And so, when I am eating yet another dinner alone, I remind myself why I’m here. The Dairy Man and I both have things to learn, but we’re on the same team. Even if the team uniform requires old jeans and rubber boots.
28 thoughts on “Woman vs. Farm: On Being a Farm Wife.”
Thanks, Aunt Jean!
I love you. Sometimes life is hard to understand but God has us in his hands. Marriage is awesome but also alot of hard work. Selfishness must be thrown out the window. The first years of marriage are a challenge, trying to find the balance and make a family. You should write a book or I highly recommend puzzles. Love you.
Love you too, Mom. Thank you for your wisdom. 🙂
post=great as usual.
sister visit to fremont=asap.
Si, por favor, manaface.
farm = quantity
wife = quality!!!!
lovely post, jess. just think: lots of time for you to work on decorating + renovating skills! looking forward to seeing you in person again soon. ps. have you been in target recently? there was an orange top that made me think of you… http://www.target.com/Mossimo-Applique-Tank-Hot-Orange/dp/B004C0NV64/ref=sc_qi_detaillink
Love this post. I’m engaged to a dairy farmer (we’re Australians) and will be moving to the family dairy farm in a few months. I’m a city girl myself and so it’s great to be able to read your blog and hear about someone else’s experiences with the transition from city to farm. Thanks so much for writing so honestly about your experiences. I look forward to hearing more about your life as a farmer’s wife. Cheers!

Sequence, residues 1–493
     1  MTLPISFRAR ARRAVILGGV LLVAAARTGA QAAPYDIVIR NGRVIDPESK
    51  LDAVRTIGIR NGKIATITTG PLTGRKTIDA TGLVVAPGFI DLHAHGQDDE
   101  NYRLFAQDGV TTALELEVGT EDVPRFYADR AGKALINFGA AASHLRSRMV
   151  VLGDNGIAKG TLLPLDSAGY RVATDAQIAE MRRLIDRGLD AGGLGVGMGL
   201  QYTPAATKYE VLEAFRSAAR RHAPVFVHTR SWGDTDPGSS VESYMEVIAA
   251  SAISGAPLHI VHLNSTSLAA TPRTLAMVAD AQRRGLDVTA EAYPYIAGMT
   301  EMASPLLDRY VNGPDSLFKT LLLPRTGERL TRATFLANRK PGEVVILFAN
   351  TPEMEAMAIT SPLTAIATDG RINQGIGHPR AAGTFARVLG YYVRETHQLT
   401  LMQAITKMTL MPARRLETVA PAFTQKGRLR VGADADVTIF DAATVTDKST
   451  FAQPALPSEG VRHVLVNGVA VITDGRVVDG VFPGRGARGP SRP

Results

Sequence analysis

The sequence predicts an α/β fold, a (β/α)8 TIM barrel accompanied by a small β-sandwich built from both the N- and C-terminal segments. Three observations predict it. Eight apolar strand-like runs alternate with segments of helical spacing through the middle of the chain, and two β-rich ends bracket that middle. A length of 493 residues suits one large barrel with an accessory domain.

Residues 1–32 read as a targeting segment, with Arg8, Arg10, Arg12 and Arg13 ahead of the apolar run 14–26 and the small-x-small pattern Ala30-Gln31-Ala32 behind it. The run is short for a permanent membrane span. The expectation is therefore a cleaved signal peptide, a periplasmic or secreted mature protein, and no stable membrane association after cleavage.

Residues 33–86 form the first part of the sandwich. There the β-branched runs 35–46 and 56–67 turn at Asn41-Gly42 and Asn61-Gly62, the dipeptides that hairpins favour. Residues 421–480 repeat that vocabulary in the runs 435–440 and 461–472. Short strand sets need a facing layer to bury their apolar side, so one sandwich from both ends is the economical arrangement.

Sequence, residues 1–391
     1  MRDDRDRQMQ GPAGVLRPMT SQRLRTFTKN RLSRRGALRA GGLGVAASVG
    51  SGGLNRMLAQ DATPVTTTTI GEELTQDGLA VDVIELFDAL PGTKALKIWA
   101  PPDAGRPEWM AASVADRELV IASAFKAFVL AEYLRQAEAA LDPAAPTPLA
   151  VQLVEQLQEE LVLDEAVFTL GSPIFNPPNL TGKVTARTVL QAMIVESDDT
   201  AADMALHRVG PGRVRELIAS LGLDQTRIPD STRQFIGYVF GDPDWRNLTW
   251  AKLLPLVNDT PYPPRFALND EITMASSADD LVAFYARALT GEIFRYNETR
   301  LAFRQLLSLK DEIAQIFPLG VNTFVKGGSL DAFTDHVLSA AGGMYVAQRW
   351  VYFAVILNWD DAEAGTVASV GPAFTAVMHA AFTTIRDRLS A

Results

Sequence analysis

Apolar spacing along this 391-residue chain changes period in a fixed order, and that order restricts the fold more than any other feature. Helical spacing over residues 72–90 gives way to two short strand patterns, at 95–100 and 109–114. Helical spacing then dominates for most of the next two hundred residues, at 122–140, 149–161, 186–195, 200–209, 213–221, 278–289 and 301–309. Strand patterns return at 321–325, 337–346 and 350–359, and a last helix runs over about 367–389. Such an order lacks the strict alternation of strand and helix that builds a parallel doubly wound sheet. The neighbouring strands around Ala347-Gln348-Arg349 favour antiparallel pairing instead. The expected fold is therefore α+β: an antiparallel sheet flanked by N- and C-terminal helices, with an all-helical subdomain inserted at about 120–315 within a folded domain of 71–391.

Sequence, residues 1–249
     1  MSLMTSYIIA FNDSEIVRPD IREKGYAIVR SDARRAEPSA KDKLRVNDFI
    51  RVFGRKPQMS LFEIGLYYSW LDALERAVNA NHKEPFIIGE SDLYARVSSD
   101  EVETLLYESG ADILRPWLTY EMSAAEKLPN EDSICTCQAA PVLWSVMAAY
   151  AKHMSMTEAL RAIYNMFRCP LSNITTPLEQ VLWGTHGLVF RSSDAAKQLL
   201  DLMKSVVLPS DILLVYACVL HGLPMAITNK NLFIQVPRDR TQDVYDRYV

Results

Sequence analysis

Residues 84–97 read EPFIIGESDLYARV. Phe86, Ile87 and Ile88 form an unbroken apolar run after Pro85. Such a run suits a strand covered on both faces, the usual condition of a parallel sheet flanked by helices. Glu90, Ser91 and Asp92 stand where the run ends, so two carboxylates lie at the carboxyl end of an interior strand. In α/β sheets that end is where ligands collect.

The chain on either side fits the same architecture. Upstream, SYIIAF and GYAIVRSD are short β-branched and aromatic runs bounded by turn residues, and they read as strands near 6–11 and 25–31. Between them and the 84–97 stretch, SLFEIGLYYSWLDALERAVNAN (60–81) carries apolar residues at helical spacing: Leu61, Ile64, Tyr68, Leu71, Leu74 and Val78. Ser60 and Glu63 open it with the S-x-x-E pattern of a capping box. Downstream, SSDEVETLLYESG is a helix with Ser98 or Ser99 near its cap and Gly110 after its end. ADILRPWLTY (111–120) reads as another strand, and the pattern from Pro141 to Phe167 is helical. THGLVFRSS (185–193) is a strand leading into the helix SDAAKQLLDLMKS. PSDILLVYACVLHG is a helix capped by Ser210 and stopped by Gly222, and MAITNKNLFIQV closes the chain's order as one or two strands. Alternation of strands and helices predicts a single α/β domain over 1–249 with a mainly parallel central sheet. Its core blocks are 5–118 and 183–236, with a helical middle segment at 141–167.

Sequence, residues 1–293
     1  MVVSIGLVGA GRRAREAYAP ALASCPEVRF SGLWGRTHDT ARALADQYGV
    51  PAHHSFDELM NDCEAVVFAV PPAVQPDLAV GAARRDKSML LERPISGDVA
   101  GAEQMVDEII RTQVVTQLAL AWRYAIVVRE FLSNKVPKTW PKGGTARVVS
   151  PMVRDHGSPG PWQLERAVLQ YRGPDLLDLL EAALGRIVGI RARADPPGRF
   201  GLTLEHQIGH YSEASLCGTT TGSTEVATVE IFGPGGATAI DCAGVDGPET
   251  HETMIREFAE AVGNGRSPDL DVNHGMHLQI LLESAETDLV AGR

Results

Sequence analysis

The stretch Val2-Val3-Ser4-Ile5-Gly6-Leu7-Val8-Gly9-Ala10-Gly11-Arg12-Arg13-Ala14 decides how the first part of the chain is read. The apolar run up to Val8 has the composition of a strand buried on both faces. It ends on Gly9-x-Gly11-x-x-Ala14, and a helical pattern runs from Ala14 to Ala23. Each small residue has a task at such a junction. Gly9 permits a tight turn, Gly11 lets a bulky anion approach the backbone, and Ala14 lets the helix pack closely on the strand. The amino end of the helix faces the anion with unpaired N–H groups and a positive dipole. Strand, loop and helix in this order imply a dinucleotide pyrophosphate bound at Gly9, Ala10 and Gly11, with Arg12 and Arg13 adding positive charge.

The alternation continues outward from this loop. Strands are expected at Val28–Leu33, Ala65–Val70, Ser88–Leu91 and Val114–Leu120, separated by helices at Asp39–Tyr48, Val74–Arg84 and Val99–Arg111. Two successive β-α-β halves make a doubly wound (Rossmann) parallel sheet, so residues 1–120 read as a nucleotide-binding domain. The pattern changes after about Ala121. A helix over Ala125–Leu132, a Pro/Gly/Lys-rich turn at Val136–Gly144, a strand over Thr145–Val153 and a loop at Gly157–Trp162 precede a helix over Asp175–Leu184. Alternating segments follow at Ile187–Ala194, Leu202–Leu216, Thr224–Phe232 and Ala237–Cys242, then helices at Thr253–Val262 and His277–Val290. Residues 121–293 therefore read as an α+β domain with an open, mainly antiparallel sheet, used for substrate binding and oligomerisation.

Thanks! And congratulations on your pending marriage! These dairy men are a crazy lot, but their vocational passion is infectious and admirable. It gets easier, promise. Just get a really cute pair of rubber boots and institute mandatory date nights NOW. 🙂
I stumbled upon your blog today and can’t express how good it feels to know another woman is out there who can admit to the worries and frustrations that come with being a farmer’s wife. My fiancee and I are to be married next June and I’ve been slowly adapting to the farming culture. After attending college to be a teacher, and being unsuccessful at finding a job, we both agreed that moving back home and working on his family’s dairy farm was the best option for us (and made him so happy). But after being engulfed in this life for the past few months, its challenging to not become frustrated with the long days, late dinners, and sometimes lonely nights. I, too, am so proud of my partner, and admire him so much, but continue to struggle with the life of a “farmers wife”. Also, to add in that no one around me understands how we can’t “just make plans on a Friday night” or plan a weekend trip to getaway. It was so shocking at first, but now I’m adjusting better. Reading your blog makes me feel so much better, knowing I’m not the only one who struggles and that there are farmers wives out there that I can trun to for support and understanding. Thank you! I look forward to reading more from you! You are an inspiration 🙂
Thanks, Rachel! It has definitely helped me to find other people who understand this life. And even people who don’t understand at first (like my family) eventually figure things out. 🙂 Blessings as you prepare for your wedding in June!